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How to Write a One-Paragraph Biography

Updated March 18, 2017

For professional purposes, whether you are an author or a tax consultant, it is often necessary to pen a short biography that briefly provides other people with some background about your career and life, from your biggest awards to your most prominent acomplishments. A concise biography is easy to read and remember. It won't bog people down with a lot of random details. Write a biography that is short, to the point and just enough to fill people in on who you are.

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  1. Make an introduction. Assume the people reading do not know who you are. State your name first and foremost, but do so in the third person. For example, start your short biography with something like "Eric Jacobs is a..." Make it clear exactly what your occupation is, and where you are employed.

  2. Highlight your biggest accomplishments. The primary focus of a biography is to inform people of your credentials, awards, things you have done in the past and things you are doing presently. For instance, mention how you have been working in the employment labour law field for the past 15 years. Or, consider mentioning how your pizzeria has won the "best pizza in the county" award for five consecutive years. Concentrate on one or two facts or achievements that stand out.

  3. Use active language. Maintain a positive tone with your biography. Don't write: "Eric Jacobs wishes to someday become...," instead, be clear. For example: "Eric Jacobs is an employment lawyer, activist and counsellor." Be assertive with your language.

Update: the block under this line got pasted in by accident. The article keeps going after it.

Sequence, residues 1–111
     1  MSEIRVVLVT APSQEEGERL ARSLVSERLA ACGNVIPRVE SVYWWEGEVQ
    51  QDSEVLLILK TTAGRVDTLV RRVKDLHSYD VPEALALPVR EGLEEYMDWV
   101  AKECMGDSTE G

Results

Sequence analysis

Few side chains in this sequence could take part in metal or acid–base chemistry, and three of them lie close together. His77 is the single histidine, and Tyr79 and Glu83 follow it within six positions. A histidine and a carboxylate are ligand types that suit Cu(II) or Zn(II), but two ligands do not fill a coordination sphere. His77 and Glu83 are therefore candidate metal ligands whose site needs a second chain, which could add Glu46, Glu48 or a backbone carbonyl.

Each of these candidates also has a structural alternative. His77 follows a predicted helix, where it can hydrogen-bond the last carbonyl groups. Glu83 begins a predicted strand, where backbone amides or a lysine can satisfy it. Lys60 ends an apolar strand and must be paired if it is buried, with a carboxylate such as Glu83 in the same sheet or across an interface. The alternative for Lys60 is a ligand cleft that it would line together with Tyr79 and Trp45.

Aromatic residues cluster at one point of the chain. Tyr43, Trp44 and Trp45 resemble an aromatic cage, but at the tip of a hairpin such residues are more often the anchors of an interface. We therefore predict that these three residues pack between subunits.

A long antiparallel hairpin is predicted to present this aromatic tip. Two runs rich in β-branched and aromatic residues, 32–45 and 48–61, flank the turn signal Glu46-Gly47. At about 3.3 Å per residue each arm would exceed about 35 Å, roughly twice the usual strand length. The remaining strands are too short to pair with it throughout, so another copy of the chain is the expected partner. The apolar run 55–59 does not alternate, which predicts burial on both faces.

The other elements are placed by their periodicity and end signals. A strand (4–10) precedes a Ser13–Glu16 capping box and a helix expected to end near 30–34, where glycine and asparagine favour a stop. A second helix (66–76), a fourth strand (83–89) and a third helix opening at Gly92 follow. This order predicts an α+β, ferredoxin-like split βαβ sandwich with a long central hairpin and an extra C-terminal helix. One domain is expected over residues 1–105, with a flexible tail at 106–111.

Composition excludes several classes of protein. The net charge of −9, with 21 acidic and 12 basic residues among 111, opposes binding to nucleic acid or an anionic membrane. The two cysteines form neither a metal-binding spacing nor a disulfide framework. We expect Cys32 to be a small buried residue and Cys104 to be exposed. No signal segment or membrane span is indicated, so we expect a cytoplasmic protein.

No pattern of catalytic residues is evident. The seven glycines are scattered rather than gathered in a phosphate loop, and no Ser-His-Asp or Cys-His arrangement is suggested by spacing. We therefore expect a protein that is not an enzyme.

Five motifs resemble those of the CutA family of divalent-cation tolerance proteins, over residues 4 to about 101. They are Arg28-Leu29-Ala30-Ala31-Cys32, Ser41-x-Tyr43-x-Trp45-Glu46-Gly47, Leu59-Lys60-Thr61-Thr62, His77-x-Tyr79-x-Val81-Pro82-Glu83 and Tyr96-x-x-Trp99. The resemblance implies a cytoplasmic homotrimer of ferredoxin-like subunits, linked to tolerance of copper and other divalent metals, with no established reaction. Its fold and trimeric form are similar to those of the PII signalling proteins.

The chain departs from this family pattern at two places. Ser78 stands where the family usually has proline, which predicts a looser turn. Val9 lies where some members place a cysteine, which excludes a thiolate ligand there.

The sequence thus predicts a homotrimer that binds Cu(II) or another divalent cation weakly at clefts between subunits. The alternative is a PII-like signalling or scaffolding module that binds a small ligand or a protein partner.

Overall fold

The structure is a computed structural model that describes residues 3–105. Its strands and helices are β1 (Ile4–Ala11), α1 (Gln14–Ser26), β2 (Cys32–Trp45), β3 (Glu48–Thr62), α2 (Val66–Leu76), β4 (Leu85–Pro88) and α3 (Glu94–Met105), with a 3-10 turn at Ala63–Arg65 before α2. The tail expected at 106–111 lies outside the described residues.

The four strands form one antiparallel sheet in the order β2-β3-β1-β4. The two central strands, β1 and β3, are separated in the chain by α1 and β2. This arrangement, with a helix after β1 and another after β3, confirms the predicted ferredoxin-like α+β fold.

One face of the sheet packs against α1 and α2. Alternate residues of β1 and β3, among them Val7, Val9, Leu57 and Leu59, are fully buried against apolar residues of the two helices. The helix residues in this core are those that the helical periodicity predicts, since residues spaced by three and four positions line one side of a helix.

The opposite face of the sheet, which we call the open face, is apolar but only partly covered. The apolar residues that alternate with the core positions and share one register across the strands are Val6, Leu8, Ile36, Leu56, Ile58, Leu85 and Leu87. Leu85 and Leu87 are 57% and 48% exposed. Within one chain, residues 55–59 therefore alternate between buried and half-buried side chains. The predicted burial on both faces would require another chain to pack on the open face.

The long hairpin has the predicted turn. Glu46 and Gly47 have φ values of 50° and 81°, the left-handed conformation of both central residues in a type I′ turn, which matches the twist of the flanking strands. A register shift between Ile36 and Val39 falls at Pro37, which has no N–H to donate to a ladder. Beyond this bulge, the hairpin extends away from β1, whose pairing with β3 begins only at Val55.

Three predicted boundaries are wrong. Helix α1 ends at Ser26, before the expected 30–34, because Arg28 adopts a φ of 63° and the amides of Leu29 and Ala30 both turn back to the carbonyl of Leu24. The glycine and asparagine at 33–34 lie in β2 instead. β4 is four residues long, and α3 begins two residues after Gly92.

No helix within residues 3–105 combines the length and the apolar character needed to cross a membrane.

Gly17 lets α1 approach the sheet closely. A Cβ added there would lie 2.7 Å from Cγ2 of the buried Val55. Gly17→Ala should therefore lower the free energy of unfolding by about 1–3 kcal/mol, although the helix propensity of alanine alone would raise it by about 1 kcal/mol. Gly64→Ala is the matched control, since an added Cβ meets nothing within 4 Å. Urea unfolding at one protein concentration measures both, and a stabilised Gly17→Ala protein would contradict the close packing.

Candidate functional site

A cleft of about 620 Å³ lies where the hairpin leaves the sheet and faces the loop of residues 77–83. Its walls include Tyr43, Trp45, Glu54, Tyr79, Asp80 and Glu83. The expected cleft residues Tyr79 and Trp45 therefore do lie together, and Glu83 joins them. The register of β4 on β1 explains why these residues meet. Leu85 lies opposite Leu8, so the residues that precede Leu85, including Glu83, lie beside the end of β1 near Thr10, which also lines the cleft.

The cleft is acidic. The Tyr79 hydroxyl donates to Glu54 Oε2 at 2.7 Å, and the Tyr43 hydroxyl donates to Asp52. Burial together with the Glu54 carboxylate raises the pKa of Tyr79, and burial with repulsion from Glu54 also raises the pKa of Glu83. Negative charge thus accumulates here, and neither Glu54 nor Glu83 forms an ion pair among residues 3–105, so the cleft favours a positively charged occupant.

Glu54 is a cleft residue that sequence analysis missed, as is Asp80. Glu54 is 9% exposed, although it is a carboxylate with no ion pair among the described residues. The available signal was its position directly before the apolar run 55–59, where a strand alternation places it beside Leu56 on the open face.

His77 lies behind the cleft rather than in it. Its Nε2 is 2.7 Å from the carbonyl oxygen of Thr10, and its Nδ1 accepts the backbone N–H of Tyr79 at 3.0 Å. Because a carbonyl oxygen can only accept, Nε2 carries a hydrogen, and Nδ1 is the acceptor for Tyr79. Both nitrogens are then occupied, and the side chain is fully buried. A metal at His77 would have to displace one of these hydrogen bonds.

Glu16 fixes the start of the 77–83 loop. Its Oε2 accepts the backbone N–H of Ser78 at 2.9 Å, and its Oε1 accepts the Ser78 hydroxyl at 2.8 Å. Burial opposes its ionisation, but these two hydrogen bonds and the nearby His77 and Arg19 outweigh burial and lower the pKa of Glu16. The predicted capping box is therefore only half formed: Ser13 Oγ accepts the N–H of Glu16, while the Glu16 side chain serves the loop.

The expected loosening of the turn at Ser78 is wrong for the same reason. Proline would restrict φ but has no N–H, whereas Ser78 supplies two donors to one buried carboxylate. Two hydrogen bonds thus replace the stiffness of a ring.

4. Give it a subtle personal touch. Consider closing your biography out with something like, "A New York City boy at heart, Jacobs enjoys spending his free time going to baseball games and reading. He presently lives and works out of Los Angeles, California."

  5. Provide your contact information. Since you are writing a biography, the goal is to stimulate or aid your career. Offer your contact details to give people the opportunity to contact you. Below your biography, briefly provide information such as your cell phone number, or a website and e-mail address.

  6. Tip

    Make sure never to keep an outdated biography. Test it out with a trusted friend or family member. Read your biography aloud to someone. Ask him if he would be interested in knowing more about you based on what you read him. Also ask if he believes that the writing is an honest and authentic depiction of you and your career. To put a face to your name, consider adding a picture of yourself to the bio.


    Avoid unnecessary details. Stay away from mentioning things that are irrelevant to your career, such as how many children you have and whether you are married or not. Try to maintain as professional a vibe as possible.

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Things You'll Need

  • Computer with word processor
  • Pen and paper

About the Author

Lars Tramilton has been writing professionally since 2007. His work has appeared in a variety of online publications, including CareerWorkstation. Tramilton received a bachelor's degree with a focus on elementary education from Kean University.

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